Nuclear medicine falls under the umbrella of diagnostic imaging, but is a unique imaging modality. This technique allows us to administer a radioactive substance (radionuclide) either by injection or by mouth and observe the activity within the patient, providing both morphologic (form and structure) and functional information.
Common nuclear medicine procedures in veterinary medicine, all of which are performed at Angell, include:
These 4 studies all use a common radiopharmaceutical, Technetium (as Pertechnetate; 99m-TcO4), which is injected into the patient.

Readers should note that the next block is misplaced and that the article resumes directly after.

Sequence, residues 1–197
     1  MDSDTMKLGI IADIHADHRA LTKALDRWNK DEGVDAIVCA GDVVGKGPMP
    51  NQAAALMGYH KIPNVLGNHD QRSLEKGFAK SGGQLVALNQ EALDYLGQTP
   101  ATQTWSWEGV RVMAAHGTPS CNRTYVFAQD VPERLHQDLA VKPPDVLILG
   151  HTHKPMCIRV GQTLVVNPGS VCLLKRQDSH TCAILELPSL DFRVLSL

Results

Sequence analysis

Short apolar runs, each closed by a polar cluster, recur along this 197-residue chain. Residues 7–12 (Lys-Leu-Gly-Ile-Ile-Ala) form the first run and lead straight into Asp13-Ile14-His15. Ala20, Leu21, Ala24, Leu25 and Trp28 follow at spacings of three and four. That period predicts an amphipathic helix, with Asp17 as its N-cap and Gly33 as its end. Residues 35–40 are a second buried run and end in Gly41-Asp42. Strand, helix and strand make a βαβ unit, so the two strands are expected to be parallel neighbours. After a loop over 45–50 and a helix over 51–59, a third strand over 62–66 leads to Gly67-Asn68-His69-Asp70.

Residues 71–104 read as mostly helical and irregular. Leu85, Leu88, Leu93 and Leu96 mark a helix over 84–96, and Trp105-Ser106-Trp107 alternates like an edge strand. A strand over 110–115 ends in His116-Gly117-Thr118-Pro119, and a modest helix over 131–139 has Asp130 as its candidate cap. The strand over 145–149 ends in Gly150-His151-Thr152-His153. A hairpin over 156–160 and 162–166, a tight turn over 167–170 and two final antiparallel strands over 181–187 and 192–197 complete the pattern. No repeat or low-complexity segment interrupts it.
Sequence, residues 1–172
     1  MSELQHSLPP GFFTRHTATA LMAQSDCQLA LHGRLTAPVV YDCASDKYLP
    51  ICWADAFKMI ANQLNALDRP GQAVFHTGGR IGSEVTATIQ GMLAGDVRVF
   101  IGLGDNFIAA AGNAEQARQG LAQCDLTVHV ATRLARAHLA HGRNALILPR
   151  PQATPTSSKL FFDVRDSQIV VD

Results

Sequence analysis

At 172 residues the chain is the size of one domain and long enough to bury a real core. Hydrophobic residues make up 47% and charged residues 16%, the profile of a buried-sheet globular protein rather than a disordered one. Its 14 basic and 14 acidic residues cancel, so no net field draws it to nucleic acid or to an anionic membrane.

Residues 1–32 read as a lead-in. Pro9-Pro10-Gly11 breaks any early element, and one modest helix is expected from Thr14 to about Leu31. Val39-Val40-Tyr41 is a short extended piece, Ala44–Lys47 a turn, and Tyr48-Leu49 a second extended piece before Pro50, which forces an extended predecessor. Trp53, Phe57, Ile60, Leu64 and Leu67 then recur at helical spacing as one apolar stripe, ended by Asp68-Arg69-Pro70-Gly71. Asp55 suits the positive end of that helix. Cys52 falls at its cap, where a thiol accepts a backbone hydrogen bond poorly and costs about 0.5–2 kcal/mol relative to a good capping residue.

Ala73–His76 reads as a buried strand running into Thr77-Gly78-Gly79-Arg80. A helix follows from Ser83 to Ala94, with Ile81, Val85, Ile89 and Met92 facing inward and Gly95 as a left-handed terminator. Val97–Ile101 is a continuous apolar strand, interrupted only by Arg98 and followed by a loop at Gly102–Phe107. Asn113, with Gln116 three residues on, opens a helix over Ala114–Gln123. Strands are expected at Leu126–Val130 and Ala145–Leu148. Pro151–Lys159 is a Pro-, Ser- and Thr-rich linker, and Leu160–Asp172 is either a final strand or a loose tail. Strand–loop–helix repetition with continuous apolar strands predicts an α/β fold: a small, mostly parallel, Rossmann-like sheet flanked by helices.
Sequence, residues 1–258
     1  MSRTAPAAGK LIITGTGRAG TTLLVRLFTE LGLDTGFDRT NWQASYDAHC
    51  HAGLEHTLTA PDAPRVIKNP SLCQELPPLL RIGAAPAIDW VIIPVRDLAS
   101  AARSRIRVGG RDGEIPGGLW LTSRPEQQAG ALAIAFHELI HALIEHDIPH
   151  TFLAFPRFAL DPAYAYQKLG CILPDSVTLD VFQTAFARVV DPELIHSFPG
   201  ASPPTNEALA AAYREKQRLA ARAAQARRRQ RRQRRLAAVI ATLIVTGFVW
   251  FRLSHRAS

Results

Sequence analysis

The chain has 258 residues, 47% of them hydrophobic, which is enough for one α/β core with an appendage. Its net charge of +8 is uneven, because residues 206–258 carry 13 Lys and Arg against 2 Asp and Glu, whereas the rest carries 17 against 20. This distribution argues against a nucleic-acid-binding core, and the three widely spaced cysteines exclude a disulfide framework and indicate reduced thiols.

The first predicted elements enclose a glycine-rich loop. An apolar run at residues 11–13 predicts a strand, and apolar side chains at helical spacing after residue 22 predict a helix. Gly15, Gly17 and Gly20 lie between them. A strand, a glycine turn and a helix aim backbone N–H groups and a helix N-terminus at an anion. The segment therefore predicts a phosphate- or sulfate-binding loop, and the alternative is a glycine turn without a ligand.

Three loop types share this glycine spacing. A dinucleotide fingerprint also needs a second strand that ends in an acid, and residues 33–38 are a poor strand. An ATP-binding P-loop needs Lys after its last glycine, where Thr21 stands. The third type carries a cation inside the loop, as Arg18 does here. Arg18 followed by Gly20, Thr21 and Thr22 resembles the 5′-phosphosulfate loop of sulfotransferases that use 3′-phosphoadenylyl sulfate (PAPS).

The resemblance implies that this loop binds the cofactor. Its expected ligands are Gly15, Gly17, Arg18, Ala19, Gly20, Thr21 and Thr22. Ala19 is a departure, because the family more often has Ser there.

Our team acquires dynamic (real-time moving acquisition) or static (summed over time) images using a gamma camera. The radioactive patient is placed on the gamma camera, which detects the emissions from the patient, and an image is generated that shows the pattern of radiopharmaceutical uptake/distribution that will vary depending on the organ system being evaluated.
“Tec” is very safe and has a relatively short half-life (6.02h) meaning that the animals are releasable in approximately 24 hours in Massachusetts. For more in-depth descriptions of these studies, please click here.
Referring Veterinarians: To find out more about our diagnostic imaging services available to referring veterinarians, please click here.